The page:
So … "whatever" first does not mean: "I don't care", although based on some people's reactions, such as a past boss of mine (who happened to be an American-born non-European heritage individual, fully Americanized and educated, but possibly 1st generation, and not yet spiritually liberated — maybe next gen :)), it is clear some people take it to mean that or something similar. One must be judicious in its use for this very reason.
OK, so the real usage is much more benign, and generally friendly way of saying: "I get what you are saying, but your current train of thought appears to be leading in a rather redundant and/or non-productive direction." This is the usage when it is intended to cut off the monologue another is addressing to you, in a friendly manner. It is not intended to end the discussion, but to say let's move on to more productive information.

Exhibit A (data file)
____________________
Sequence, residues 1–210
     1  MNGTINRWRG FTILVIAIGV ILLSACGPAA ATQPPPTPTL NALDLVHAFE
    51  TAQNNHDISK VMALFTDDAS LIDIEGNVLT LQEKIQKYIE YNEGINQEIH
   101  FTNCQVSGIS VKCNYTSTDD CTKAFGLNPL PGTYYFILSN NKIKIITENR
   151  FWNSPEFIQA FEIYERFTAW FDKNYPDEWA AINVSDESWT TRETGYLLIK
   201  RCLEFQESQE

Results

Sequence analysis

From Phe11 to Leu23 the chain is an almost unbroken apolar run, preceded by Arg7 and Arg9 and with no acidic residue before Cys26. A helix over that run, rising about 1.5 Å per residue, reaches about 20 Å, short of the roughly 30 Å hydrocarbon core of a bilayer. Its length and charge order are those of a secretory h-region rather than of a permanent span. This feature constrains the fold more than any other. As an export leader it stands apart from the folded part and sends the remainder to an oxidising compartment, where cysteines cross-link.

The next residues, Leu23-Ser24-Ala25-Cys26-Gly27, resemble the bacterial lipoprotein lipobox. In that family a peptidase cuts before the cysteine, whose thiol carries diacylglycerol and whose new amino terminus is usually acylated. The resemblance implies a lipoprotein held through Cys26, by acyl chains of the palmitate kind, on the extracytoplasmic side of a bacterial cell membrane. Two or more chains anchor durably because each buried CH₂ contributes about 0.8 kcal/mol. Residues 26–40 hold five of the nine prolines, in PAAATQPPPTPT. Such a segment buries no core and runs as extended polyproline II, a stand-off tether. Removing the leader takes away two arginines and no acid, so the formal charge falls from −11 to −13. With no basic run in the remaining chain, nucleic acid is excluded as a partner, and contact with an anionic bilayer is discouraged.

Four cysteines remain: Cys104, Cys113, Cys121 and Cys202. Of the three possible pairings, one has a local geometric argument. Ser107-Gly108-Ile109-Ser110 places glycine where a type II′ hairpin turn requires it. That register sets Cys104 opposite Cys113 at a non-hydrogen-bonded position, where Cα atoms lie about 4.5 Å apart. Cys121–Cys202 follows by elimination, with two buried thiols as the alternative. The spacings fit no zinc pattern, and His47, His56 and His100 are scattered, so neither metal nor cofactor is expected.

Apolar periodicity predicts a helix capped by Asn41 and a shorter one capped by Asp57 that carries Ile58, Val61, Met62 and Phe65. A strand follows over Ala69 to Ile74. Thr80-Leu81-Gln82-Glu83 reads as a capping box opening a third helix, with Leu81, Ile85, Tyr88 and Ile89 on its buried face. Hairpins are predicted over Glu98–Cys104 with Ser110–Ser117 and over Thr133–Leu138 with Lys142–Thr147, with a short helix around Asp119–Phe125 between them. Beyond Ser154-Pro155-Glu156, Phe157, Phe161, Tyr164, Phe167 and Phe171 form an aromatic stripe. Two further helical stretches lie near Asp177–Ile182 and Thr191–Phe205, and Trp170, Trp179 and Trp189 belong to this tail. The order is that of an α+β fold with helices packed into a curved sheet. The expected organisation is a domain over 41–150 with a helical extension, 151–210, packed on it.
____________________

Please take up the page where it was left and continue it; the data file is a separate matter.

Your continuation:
It is also used to personally cut off your own speech, such as when giving a list of examples, for example: "You could do A, B, C, whatever". i.e. in this sense it is synonymous with "etc".
However, if you want to fast track your understanding of this and other American English modern expressions, the most reliable source is the movie "Clueless", starring Alicia Silverstone, as a California teenager attending an upper middle-class high school. She speaks an advanced form of what used to be called "Valley Girl" speech, which turned out to be so cool and appealing that virtually all of America slowly adopted it one little bit at a time, not too long ago.